How Dangerous Is The Coronavirus For Young People?

coronavirus-updates
coronavirus-updates

The COVID-19 is an increasingly worrisome public health issue for countries around the world. And in the absence of a vaccine for the novel virus, it’s up to everyone to follow the World Health Organization’s protective measures to avoid spreading it:

  • washing your hands for twenty seconds at a time
  • maintaining a healthy distance from other people
  • covering coughs and sneezes, and trying to avoid touching their faces

According to the World Health Organization, the coronavirus affects people of all ages,
and officials urge everyone, from the youngest children till to the oldest adults, to take precautions to avoid infection. Of course, as you’ve probably heard, older people with medical conditions such as diabetes, heart disease, and asthma are more likely to get severely ill and are at the highest risk of death.

“We all know that the chance for elderly people having this disease is very concerning, and
they are more likely to have severe disease.” Dying of the virus is fairly unlikely if you’re young and have no pre-existing conditions, according to data collected by Robert Cuffe, the Head of Statistics for the BBC. On March 4, 2020, he presented a graphic from the Chinese Center for Disease Control & Prevention. It indicated that as of February 18th, 2020, there had been no deaths of patients under nine years old, and people under 30 had the lowest death rates.

So, while the situation is obviously ongoing, and new information might trickle in at any
moment, current figures indicate that kids and young people are the least likely to die
from the coronavirus. They can still get it and spread it to people who are at very high risk of severe illness, so it’s important for everyone to be on alert.

The term “young people” means different things to different people, so it’s worth checking
in on specific groups to see how they’re being affected.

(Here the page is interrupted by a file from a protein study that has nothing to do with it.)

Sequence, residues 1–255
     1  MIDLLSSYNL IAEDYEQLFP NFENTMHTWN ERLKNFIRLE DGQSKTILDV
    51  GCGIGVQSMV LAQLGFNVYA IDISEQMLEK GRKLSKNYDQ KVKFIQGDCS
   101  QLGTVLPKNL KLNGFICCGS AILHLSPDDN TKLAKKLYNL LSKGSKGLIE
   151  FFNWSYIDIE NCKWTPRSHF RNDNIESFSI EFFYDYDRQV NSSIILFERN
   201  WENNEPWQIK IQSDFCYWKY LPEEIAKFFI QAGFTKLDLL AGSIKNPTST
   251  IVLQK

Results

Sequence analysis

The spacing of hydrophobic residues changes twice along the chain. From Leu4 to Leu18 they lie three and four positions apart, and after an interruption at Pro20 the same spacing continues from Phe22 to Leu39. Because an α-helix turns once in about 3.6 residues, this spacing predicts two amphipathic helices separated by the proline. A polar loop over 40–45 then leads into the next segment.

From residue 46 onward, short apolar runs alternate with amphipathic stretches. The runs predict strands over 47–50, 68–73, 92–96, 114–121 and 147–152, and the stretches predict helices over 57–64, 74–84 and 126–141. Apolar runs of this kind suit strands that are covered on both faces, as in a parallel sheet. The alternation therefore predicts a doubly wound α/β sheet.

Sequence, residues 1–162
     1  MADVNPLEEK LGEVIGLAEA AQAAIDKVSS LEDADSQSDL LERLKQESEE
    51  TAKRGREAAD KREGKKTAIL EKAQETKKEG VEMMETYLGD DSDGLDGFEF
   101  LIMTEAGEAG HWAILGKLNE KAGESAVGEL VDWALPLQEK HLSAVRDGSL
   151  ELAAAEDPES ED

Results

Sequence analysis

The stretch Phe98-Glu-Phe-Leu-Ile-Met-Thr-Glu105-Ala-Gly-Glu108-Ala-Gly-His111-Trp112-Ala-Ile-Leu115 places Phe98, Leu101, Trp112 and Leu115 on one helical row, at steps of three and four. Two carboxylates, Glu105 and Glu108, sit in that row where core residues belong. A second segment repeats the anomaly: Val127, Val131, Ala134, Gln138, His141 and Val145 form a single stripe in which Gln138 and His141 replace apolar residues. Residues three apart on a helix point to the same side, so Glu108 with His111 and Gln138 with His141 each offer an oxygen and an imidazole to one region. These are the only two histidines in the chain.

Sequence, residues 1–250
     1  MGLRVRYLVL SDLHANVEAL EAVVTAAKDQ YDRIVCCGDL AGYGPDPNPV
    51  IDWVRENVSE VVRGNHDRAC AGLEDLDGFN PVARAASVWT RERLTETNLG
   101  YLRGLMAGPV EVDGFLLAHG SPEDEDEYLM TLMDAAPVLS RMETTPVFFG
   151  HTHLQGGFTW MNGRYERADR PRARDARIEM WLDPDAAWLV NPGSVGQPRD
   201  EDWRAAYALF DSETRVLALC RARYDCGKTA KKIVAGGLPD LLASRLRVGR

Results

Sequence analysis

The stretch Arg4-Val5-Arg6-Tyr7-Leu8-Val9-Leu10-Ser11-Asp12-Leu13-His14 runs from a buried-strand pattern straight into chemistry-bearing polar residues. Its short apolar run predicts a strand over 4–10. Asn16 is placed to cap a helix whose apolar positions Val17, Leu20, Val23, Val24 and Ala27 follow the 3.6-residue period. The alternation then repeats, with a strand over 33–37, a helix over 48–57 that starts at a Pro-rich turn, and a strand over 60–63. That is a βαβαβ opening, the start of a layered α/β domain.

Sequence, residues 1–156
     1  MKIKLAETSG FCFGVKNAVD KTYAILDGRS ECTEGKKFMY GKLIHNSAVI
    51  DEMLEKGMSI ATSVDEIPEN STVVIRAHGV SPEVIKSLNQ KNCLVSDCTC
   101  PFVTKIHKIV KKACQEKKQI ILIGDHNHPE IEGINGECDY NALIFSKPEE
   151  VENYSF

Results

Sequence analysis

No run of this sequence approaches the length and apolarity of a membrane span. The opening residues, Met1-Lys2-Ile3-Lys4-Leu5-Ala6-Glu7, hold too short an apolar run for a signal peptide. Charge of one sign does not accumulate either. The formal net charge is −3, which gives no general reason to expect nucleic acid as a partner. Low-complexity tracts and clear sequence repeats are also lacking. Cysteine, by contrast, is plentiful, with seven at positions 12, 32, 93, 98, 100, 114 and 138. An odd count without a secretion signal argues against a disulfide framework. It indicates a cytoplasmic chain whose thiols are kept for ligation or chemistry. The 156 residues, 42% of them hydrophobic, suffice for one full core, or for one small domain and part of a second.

Let’s start with the youngest: children.
The U.S. Center for Disease Control points out that there’s no evidence that they’re more
susceptible to COVID-19 than any other age group. In fact, available data from other strains of coronavirus, namely SARS and MERS, indicates that children are relatively unlikely to be infected. “Kids have immune systems that can rapidly adapt and change, so if they get the coronavirus, it can fight it. “The data currently available on COVID-19 is quite limited, but it does appear that children “have generally presented with mild symptoms,” not unlike those of a common cold, the CDC reports.

Must see: Coronavirus Tracking World Map [LIVE]

There has been one reported case that involved diarrhea and vomiting, and there could potentially be even more “severe complications” for some other children. But these seem to be quite rare. To go one step up to teenagers and pre-teens, data compiled by the BBC show that people from the ages of 10 to 19 are relatively safe when it comes to the risk of death from coronavirus.

The bigger concern for some seems to be on how people in this age group will cope mentally with the outbreak. Reporters Donna De La Cruz and Lisa Damour of the New York Times have both written articles about the way parents should approach the coronavirus situation with their tweens and teens. De La Cruz points out that the youngsters might “develop anxiety” over the flood of information about the virus, while Damour explains that teenagers’ tendency to” experience emotions especially intensely” might make the crisis a particularly traumatic one for them.

Business Insider reported on March 11th that teens themselves appear to be dealing with
coronavirus with the time-tested dual attack of dark comedy and memes.
We’ve all got to get our anxieties out somehow, right?
And what about the twenty-somethings?
How risky is COVID-19 for them?
According to BBC data, they’re also likely to only experience mild symptoms if they contract the virus. People younger than 30 dying of coronavirus isn’t completely unheard of, but the available data from China indicates that out of 4,500 cases of under-30s with COVID-19, only eight ended in death.

That would be a .178 percent death rate for people under 30, which is obviously way more than the ideal zero percent, but still well below even the lowest estimate of COVID-19’s worldwide mortality rate, which Business Insider says was somewhere in the range of around 3.4 percent as of March 12th. But, it’s worth stressing again: Even if you aren’t personally at high risk of dying or experiencing severe illness from COVID-19, people you know may not be so lucky. Take precautions.
We’re all in this together.

Must see: Coronavirus Tracking World Map [LIVE]

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